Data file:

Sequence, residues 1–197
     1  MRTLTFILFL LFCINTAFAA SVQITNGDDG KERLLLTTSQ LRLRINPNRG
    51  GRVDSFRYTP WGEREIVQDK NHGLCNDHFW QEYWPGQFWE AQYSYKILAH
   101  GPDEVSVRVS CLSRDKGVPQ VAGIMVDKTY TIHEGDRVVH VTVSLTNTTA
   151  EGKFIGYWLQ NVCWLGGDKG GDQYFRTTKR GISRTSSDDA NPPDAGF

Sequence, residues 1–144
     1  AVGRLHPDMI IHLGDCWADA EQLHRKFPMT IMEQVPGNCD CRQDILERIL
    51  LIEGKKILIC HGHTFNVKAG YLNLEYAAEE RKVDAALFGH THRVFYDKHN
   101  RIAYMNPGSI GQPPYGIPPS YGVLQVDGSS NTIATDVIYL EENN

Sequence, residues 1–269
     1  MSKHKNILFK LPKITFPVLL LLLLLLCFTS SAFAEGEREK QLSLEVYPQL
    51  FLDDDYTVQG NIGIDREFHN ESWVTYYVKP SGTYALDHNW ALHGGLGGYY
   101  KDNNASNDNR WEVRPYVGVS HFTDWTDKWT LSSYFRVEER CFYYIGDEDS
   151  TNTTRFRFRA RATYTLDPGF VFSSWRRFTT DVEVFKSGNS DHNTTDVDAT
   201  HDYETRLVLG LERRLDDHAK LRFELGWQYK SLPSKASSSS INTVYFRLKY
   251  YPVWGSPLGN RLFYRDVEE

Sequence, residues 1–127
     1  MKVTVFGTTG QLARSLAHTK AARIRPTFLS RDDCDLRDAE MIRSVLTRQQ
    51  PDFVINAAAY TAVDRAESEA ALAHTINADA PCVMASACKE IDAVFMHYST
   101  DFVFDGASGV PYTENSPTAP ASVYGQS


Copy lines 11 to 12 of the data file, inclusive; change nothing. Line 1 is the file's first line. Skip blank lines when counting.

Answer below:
     1  MSKHKNILFK LPKITFPVLL LLLLLLCFTS SAFAEGEREK QLSLEVYPQL
    51  FLDDDYTVQG NIGIDREFHN ESWVTYYVKP SGTYALDHNW ALHGGLGGYY